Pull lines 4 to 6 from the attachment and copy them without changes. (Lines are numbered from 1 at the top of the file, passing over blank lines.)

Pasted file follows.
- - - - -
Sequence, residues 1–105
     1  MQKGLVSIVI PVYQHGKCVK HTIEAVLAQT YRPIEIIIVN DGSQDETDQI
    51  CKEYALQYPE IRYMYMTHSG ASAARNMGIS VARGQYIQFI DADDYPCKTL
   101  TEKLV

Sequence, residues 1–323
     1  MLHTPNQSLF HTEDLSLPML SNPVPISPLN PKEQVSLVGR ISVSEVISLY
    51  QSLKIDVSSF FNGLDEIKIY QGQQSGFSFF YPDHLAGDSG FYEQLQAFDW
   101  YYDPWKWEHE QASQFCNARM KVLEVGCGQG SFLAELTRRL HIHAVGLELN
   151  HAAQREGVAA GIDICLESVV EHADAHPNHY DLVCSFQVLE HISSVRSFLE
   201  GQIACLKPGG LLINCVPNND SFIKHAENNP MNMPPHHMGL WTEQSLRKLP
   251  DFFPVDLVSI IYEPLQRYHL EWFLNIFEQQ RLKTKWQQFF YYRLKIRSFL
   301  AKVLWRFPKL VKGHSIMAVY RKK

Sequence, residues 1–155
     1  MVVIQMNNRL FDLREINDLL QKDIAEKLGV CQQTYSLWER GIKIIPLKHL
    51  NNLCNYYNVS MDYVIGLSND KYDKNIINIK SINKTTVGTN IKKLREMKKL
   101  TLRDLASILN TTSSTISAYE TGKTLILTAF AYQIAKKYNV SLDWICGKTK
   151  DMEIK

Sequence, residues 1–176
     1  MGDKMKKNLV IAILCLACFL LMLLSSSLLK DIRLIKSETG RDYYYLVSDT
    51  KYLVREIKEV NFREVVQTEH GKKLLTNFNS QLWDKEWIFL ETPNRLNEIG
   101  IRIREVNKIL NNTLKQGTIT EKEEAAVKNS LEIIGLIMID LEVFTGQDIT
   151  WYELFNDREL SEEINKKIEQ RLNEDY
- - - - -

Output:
   101  TEKLV

Sequence, residues 1–323
     1  MLHTPNQSLF HTEDLSLPML SNPVPISPLN PKEQVSLVGR ISVSEVISLY